Good Progress on The Pyra Hard Design

toppyrahard

It’s mostly all about the Pandora around here these days, but today let me give you some updates about her little sister the Pyra. There’s been some good progress recently on that front and we can foresee a late 2015 release window…

Evil Dragon (aka ED, leading the DragonBox Pyra development efforts) shared in a recent series of posts that several critical pieces of the Pyra hardware design are nearing completion.

First, he has received the prototype of the main PCB (driving the keyboard inputs, SD Cards access and battery connection among other purposes), that will need to be populated in order to be sent for testing.

The main prototype PCB, with the keyboard traces.
The main prototype PCB, with the keyboard traces.

Next, the CPU board is still being worked on but it’s half way through and should be finished by end February. The OMAP5 SoCs needed for testing will be on their way as well by the same timeframe. As to why the OMAP was chosen, let me refer you to this prior article of mine. Note that the design of the Pyra is quite flexible since it works via modules (the CPU PCB can be changed later on to feature a different, newer ARM SoC or possibly an Intel x86 one).

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The display has been apparently decided and it will be sourced from BOE (720p). The rotator chip from Solomon is available but cannot be tested right now because of an amusing set of circumstances:

Evil Dragon: The routing of the Video signal would go through the following:

OMAP5 SoC -> Rotator Chip -> Display

The signal is being sent via MIPI. MIPI is a digital standard that allows to send commands (like enable / disable rotation, change backlight, change powersaving settings, etc.) as well as a video signal.

The first thing to do to make a display work at all is to send an initialization command, so that it switches on, configures itself and accepts the MIPI Video signal. This is what I mentioned above and that is already working fine.

Then we got the rotator chip in between. We need to be able to send commands both to the rotator chip and to the display. To be able to do that, Solomon (the manufacturer of the chip) implemented an easy way to do that:there is a bypass mode to ensure all commands will be directly sent to the display. To to initialize our display, we need to switch the rotator chip to bypass mode, send the initialization sequence, disable bypass mode and enable the rotation. The bypass mode can be enabled or disabled with a command sequence. The sequence starts with 0xFF.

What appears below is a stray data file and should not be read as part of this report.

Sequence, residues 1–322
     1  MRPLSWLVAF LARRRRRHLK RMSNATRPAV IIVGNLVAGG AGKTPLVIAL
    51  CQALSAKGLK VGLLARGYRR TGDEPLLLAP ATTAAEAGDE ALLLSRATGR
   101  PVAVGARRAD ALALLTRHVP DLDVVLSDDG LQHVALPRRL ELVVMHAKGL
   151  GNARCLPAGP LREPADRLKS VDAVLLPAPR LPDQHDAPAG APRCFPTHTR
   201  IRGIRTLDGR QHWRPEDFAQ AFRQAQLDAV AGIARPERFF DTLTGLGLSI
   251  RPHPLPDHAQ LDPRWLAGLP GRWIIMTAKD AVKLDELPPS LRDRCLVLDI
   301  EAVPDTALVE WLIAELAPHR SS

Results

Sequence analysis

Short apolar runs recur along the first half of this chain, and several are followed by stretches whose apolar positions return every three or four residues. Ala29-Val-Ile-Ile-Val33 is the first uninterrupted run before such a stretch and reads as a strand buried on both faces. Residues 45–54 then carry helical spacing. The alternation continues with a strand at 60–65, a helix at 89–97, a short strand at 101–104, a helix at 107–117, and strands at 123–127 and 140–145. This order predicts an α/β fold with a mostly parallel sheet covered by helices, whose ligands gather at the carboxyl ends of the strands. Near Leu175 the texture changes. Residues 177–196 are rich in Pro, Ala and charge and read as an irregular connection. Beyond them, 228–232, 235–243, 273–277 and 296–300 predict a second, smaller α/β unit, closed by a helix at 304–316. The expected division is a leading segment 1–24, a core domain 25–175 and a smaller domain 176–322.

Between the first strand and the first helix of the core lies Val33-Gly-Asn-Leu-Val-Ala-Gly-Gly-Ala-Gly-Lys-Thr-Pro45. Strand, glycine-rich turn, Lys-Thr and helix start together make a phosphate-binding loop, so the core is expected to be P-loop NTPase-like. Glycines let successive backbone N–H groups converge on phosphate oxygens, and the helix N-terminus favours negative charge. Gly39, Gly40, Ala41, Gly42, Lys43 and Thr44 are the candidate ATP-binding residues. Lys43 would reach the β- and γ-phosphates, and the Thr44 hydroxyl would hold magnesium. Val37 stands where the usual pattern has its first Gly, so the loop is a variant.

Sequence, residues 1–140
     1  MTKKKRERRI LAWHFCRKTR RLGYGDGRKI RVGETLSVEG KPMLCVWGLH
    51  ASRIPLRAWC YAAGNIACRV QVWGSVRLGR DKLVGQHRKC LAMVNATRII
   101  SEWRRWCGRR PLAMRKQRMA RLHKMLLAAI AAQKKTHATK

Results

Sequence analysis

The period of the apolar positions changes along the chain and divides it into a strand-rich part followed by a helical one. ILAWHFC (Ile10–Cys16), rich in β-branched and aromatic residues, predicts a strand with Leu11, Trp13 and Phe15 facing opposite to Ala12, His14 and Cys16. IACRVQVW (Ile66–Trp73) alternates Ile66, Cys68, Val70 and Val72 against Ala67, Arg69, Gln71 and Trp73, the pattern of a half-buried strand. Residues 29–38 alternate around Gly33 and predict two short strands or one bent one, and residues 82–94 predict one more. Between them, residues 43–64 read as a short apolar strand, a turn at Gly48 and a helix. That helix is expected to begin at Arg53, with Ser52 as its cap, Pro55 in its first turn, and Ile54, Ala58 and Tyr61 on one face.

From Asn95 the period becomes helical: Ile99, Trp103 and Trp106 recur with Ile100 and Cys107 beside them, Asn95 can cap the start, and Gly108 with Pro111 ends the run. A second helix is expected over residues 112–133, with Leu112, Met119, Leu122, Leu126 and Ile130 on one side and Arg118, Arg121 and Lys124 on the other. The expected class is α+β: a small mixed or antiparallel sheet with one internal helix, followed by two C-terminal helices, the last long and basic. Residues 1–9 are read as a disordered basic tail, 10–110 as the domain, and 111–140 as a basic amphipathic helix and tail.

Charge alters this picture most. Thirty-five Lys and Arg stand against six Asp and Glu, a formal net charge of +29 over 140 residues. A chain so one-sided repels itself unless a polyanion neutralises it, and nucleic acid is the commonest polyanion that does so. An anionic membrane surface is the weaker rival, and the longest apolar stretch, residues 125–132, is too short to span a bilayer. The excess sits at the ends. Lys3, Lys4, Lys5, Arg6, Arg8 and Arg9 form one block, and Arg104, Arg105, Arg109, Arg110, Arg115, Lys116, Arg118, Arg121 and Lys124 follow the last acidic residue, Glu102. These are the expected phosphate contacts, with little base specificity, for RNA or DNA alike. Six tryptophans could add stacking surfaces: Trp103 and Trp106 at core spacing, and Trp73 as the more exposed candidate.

This would in theory work perfectly fine – but the initialization of the display ALSO starts with 0xFF!

Solomon had also thought of that. In order to send a MIPI command sequence that starts with 0xFF, you simply send 0xFF twice. So far no problem. However: MIPI command sequences have a maximum length of four bytes. And the initialization command sequence of our display uses the full four bytes.

Now THAT’S a problem: As we need to send 0xFF twice to tell the Solomon chip to pass through, we can only send a sequence of three bytes.

So… Murphys Law has fully struck us. We got the worst combination possible: if the initialization command sequence of the display wouldn’t start with 0xFF (or the Solomon chip would use a different byte for the bypass command), it would work without issues. And even then – if the sequence would only be 2 or 3 bytes long, it would STILL work. A start with 0xFF and 4 bytes long however is the ONLY combination that doesn’t work!

But don’t be afraid – there’s a solution for this.. it just means a bit of more work for us: We can flash the display driver IC so that it initializes the panel automatically as soon as it is connected.

So because of these setbacks, the rotator chip can only be tested after end of February (or let’s say March) and it looks like the display PCB will be the last PCB to be finalized.